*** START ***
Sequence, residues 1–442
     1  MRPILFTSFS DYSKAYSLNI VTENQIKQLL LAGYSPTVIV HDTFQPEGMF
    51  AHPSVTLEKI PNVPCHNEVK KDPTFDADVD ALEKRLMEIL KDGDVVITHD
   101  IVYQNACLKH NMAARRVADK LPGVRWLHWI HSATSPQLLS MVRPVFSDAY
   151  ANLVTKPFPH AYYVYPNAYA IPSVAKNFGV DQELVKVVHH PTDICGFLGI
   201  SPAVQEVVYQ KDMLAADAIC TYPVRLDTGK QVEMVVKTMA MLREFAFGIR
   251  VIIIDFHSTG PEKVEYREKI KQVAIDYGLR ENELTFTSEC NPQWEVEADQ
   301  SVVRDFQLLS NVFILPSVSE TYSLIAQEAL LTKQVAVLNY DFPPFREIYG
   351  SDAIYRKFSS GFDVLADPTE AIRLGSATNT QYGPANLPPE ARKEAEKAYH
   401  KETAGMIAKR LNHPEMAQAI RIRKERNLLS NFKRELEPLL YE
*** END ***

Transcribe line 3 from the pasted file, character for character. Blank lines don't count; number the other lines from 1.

    51  AHPSVTLEKI PNVPCHNEVK KDPTFDADVD ALEKRLMEIL KDGDVVITHD